She’ll be your beast of burden.
Akira Katô’s crime thriller Shinayakana kemonotachi, for which you see the promo poster above, had the interesting English title She-Beasts, Warm Bodies, and was also known as Sensuous Beasts. It stars Mari Tanaka and is noteworthy for being Naomi Tani’s first movie. Unfortunately, we weren’t able to track down a copy so the poster is all you get for now. We do know that it’s a bit of a black comedy, and the plot revolves around embezzlement, drug trafficking, and of course the yakuza. We’ll keep our eyes open for this one and maybe report back. Shinayakana kemonotachi premiered in Japan today in 1972.
, Shinayakana kemonotachi
, She-Beasts Warm Bodies
, Akira Katô
, Mari Tanaka
, Noami Tani
, roman porno
, poster art
For better or worse, in sickness and health, women in pulp don’t have a heck of a lot of choice about it.
Pulp is a place where the men are decisive and the women are as light as feathers. We’ve gotten together a collection of paperback covers featuring women being spirited away to places unknown, usually unconscious, by men and things that are less than men. You have art from Harry Schaare, Saul Levine, Harry Barton, Alain Gourdon, aka Aslan, and others.
, John B. Thompson
, Bernard Mara
, K.H. Helms Liesenhoff
, Bruno Fischer
, Verne Chute
, Jean de la Hire
, Robert O. Saber
, Brett Halliday
, Robert Martin
, John Dickson Carr
, Edgar Rice Burroughs
, Clyde Allison
, Charlotte Armstrong
, Victor Hugo
, Marcus Miller
, Jean Ford
, Mary Roberts Rinehart
, Richard S. Prather
, Saul Levine
, Harry Schaare
, Keith Vining
, Barry Perowne
, Walker A. Tomkins
, Jack Williamson
, Norman Saunders
, George Gross
, Harry Barton
, Alain Gourdon
, cover art
Sweet Homicide? The song is called “Sweet Caroline.” What is this new singer of yours, Vinny, some kind of friggin’ smart aleck?
Bad times never felt so good, so good, so good, especially for an ambitious newspaper reporter investigating a murder in Prohibition-era Chicago. The novel Sing Out Sweet Homicide is a tie-in to the 1960-1962 television series The Roaring 20’s, and you get all the elements here—mobsters, molls, and money by the fistful. The cover art is by Mort Engle.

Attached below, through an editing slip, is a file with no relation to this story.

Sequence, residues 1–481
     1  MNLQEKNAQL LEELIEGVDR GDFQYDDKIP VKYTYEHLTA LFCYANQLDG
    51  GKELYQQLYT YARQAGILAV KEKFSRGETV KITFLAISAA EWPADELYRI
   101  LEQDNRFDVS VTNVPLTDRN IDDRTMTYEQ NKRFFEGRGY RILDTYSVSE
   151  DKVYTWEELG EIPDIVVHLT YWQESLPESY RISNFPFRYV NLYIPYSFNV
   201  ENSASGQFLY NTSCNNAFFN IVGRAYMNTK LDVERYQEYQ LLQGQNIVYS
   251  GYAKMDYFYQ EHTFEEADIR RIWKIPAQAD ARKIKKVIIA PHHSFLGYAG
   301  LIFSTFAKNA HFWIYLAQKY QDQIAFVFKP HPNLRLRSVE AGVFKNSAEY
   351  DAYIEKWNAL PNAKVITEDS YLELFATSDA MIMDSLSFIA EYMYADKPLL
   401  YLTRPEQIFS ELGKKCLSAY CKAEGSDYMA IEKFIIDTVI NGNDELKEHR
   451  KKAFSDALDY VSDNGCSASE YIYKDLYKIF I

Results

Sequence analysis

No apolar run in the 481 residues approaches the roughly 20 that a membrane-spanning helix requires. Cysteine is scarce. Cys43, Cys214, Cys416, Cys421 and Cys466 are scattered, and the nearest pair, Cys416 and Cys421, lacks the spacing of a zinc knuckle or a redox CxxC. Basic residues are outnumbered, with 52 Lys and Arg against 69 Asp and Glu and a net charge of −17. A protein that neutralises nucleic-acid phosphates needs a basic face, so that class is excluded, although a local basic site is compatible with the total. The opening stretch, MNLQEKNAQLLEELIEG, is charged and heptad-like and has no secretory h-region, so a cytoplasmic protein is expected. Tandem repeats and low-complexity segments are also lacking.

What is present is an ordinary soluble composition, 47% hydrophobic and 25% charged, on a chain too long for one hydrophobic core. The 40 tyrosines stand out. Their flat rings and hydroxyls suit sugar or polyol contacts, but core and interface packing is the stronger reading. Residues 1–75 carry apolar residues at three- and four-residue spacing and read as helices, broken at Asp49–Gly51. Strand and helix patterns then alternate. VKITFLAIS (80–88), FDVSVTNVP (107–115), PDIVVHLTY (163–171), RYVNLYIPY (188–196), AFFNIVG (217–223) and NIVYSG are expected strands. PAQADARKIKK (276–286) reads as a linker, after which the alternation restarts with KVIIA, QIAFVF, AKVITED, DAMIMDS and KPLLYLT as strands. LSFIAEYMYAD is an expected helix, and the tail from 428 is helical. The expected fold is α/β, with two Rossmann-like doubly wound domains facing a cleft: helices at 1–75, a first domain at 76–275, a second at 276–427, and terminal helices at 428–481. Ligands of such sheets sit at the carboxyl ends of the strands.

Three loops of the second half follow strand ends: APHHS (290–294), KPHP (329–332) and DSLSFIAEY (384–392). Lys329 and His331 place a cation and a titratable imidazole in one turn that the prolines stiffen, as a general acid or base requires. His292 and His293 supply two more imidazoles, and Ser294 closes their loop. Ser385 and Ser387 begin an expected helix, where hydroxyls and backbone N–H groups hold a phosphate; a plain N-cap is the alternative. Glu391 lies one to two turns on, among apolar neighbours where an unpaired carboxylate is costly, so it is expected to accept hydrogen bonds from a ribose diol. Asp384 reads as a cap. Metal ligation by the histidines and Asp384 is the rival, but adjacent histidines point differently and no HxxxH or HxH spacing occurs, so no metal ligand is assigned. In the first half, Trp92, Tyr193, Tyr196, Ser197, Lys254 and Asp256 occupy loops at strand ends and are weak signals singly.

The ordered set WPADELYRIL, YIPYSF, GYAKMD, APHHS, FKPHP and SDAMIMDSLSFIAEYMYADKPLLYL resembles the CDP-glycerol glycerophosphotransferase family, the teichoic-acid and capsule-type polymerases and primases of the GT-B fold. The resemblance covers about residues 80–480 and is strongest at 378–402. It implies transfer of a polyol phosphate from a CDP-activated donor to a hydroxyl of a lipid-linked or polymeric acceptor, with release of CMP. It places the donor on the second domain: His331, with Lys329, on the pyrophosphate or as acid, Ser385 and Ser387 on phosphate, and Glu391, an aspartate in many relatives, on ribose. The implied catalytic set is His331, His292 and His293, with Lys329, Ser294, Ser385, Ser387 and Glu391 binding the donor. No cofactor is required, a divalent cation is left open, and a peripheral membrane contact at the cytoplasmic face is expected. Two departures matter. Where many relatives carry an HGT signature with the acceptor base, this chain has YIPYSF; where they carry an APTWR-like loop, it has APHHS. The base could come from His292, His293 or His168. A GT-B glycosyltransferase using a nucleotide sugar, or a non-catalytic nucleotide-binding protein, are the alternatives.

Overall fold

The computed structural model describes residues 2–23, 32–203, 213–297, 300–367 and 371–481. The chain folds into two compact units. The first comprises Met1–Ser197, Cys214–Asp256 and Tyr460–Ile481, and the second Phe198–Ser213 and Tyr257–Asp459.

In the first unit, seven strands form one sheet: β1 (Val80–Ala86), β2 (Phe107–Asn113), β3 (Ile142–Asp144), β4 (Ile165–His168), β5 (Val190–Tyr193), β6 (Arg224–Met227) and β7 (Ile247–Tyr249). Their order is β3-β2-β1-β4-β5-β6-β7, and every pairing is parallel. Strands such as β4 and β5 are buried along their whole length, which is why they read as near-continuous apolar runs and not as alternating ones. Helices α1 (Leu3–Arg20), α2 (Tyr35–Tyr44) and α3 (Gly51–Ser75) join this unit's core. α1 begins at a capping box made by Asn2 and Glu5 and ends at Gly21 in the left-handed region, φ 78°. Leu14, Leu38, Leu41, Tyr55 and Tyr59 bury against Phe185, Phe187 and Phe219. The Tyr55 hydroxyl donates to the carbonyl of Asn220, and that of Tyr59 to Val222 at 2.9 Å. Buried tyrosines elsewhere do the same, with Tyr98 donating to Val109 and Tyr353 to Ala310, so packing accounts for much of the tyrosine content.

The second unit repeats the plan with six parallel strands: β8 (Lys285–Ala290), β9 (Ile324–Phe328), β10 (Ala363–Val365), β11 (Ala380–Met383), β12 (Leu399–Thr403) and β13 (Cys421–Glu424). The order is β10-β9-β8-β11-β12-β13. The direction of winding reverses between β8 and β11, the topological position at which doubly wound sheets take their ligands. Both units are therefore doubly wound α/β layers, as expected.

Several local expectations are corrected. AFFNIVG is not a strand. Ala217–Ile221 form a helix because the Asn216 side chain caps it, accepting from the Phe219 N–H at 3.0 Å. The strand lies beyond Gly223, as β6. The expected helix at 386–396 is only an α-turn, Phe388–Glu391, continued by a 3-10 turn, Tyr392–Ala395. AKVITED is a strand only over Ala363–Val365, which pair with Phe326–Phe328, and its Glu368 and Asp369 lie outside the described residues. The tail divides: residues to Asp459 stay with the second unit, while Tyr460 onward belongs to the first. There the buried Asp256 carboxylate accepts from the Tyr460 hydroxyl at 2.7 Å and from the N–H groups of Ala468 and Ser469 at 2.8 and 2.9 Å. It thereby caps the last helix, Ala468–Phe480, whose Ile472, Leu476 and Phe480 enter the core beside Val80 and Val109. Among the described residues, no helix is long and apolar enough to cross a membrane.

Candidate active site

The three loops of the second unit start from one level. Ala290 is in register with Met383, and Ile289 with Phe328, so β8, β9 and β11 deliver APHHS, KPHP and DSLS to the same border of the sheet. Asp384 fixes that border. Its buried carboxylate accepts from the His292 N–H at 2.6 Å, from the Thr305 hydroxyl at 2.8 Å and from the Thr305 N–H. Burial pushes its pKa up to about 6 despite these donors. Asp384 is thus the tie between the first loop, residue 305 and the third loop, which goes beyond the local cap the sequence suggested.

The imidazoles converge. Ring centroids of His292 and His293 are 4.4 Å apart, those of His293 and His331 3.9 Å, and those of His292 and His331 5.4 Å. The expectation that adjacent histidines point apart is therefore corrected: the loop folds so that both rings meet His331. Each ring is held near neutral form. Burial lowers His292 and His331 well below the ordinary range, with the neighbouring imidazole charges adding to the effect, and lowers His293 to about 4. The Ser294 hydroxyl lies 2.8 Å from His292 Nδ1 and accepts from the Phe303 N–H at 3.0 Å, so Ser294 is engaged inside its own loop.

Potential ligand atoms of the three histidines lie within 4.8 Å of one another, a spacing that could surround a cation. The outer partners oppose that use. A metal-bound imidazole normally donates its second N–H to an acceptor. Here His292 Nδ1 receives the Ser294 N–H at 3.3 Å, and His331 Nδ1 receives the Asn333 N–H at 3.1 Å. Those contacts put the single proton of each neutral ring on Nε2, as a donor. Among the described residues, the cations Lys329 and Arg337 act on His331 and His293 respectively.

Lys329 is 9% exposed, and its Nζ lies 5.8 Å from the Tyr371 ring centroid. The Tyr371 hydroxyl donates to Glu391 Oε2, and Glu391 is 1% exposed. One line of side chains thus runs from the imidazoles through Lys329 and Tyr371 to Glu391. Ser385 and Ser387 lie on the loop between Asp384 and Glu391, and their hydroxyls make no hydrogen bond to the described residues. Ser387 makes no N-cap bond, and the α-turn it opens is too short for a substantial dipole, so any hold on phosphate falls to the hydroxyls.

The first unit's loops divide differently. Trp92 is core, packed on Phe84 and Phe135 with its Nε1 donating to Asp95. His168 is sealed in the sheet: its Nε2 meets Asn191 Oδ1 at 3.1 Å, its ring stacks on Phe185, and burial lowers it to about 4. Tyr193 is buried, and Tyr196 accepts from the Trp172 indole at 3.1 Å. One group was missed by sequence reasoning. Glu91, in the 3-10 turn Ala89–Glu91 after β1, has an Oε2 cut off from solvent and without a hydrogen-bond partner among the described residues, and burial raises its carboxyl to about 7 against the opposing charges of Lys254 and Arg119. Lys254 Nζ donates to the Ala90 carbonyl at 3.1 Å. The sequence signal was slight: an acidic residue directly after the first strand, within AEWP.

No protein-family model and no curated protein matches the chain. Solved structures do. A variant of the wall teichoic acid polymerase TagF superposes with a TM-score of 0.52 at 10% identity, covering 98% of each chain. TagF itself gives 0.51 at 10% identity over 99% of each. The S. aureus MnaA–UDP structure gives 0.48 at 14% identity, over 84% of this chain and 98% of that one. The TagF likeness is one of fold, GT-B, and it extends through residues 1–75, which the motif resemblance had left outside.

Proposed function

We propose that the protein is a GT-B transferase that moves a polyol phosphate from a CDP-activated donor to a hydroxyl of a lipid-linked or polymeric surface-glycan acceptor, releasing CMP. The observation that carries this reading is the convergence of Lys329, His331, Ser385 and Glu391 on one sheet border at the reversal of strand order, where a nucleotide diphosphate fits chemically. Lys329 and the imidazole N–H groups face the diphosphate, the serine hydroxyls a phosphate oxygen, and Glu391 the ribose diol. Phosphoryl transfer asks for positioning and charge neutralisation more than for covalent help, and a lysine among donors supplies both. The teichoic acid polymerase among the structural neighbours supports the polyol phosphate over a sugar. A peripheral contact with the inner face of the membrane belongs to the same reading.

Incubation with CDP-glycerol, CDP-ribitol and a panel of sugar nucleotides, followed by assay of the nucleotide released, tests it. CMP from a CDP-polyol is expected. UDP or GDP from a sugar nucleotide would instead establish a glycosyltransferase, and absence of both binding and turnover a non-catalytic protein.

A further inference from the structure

Taylor/Gardner adventure story about contraband airplane engines never quite takes flight.
The film noir adventure The Bribe stars Robert Taylor and Ava Gardner, along with Vincent Price, Charles Laughton, and reliable John Hodiak, in the story of a government agent prowling the fictional Central American island of Carlotta under orders to put the kibosh on a racket in stolen airplane engines. The film has several beloved noir elements—voiceover narration, sexually loaded repartee, exotic nightclub serving as hub for the action, smoky musical number by the female lead—but it’s all a bit stale. There’s no heat between Taylor and Gardner, and no adrenaline in the plot. Frederick Nebel’s short story probably made the airplane engine angle work, but on the big screen it’s hard to care about hunks of machinery we never see. The movie is a cut-rate Casablanca without the invaluable letters of transit, a muted To Have and Have Not without the urgency of French resistance vs. the Nazis. On the plus side, some of the sets are cool, the final shoot-out is visually fascinating, and Gardner is sizzling hot. For her fans she doubtless makes the movie watchable all by herself. The Bribe premiered in the U.S. today in 1949.